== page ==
Think about the Talbot Boys controversy. Two sides with very different points of view. Does the statue stay or get moved? I am sure that, like me, every mediator asked themselves, “Could I successfully guide the two parties to an acceptable settlement.” For sure, it would not have been easy. Luckily, most other disputes we face, whether community- based or private issues, are not so complex and politically charged.
After all, mediation is about reaching agreement. The process is guided by a trained mediator whose job is to guide disputing parties to a common understanding and agreement. In mediation, the parties decide the outcome together, not the mediator, judge, jury or in the case of the Talbot Boys, the County Council. This gives the parties great flexibility in creating a settlement. Naturally, the last step in successful mediation is to create and sign a settlement document. In a court-referred mediation, that will become the basis for a court order and case dismissal. What makes a good settlement document?
The document is created by the parties under the guidance of the mediator. It should reflect accurately the “meeting of the minds” and, to the extent possible, reflect their language. Generally, the document will be very specific, and the more specific the better, as it avoids later confusion.
The parties will be named. Given names may be used, or in court-referred mediations, Plaintiff or Defendant might be used. Why the parties are agreeing on terms will also be described. For example, “The Parties have voluntarily agreed to the following in an effort to resolve case D-21-12345.”
Details of the settlement are important to include. For example, when each party will perform on what they agreed. This would include dates, amounts of payments, form and schedule of payments, or types and quality of repairs. Place of performance also should be described in detail. This would include addresses where payments should be sent and by what method. In parenting agreements, the terms will be very specific, including definitions like when does the weekend start, what does “after school” mean. Last, there should be a procedure to follow if the agreement needs to be changed. That often includes returning to mediation.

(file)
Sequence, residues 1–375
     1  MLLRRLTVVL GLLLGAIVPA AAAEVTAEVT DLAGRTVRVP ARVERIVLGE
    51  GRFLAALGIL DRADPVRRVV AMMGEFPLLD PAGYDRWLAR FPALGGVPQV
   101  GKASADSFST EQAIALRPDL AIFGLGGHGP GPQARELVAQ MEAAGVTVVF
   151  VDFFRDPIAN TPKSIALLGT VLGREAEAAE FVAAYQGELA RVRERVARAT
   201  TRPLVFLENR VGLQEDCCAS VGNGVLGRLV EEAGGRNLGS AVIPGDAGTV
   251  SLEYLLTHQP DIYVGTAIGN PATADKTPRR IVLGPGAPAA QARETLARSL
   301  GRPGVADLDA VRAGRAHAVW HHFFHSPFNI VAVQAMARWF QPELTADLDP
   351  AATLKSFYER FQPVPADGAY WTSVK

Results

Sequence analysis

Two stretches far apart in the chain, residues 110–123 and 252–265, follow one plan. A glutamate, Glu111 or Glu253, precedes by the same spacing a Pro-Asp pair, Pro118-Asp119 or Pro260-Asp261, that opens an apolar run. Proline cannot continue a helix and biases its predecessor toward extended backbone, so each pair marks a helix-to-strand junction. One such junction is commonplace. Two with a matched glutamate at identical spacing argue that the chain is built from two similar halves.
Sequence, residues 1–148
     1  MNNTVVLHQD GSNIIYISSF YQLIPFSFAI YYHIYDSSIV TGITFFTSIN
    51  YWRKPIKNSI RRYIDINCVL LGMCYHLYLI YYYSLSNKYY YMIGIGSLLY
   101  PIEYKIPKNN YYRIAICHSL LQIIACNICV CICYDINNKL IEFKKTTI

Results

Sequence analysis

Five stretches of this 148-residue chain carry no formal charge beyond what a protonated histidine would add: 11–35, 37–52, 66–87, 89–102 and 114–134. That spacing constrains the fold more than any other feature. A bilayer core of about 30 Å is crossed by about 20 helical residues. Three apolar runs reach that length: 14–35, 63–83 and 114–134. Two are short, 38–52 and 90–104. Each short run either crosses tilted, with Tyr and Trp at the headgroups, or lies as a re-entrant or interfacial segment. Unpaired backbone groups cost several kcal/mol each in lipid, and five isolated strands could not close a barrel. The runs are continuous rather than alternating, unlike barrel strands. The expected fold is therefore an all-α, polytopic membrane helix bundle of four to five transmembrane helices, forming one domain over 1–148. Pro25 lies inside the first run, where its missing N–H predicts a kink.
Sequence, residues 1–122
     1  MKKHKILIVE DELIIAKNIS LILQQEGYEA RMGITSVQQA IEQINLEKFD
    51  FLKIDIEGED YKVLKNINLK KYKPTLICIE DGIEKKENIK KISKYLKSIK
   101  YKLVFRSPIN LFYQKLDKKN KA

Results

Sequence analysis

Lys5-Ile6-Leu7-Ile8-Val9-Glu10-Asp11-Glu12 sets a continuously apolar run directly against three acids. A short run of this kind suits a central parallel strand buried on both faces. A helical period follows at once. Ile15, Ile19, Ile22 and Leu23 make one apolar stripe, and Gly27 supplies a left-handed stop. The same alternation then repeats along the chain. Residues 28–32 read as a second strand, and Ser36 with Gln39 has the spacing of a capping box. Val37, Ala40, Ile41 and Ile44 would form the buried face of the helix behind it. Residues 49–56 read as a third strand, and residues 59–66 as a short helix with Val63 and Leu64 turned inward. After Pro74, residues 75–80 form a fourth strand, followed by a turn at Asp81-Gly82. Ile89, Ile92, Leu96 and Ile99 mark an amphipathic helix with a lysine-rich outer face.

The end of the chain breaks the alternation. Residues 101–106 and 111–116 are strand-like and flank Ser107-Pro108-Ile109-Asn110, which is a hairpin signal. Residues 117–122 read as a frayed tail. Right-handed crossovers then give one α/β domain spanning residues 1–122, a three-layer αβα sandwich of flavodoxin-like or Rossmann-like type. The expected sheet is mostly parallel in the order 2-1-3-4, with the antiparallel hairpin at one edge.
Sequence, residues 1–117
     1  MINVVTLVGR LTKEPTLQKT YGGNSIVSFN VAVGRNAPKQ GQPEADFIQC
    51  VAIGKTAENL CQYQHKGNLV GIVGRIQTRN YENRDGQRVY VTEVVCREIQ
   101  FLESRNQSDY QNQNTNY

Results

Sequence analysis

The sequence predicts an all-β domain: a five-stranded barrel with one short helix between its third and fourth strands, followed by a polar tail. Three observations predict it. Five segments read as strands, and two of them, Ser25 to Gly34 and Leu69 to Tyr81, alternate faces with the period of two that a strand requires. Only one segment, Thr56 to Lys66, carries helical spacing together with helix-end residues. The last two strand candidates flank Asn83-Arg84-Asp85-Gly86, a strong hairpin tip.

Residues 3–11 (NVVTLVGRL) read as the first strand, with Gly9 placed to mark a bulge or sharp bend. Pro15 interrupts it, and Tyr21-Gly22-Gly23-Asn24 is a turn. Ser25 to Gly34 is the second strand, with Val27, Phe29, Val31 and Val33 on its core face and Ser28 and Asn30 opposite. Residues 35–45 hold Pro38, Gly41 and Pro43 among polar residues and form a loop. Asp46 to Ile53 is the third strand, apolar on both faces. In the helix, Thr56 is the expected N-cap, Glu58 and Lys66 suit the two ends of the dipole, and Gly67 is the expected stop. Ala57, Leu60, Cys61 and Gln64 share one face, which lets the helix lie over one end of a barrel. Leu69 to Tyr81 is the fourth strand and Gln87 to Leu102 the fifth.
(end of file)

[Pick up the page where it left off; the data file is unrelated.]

The goal of the settlement document is to memorialized the hard work of the mediation and to provide very specific actions for both parties to follow. You will be asked to voluntarily sign the settlement agreement. Once you do, it generally becomes binding. Never sign an agreement if there is something you don’t understand. In that case, have a lawyer review it before you sign. You can get free advice from the Maryland Court Self-Help Centers. You can speak to or chat live with lawyers at the Self-Help Center on most weekdays from 8:30 a.m. to 8 p.m. These lawyers cannot represent you in court, but they can give you brief advice. Call 410-260-1392. Or chat live at mdcourts.gov/selfhelp.
There is one more thing to consider. Mediation will help you reach a better understanding of the situation between you and the other party. However, it does not always result in an agreement. If you don’t reach an agreement on some or all of the issues, you don’t lose any rights. You can still have your conflict resolved through the court. Because mediation is confidential, what is said in mediation can not be used in court.
Steve Forrer lives in Easton and is former Dean and Vice Chancellor of University of Maryland Global Campus. He is currently a mediator for the Maryland District and Circuit Courts. Questions can be submitted at www.doncastermediation.com/contact for Steve to answer in this column. He also accepts private mediations.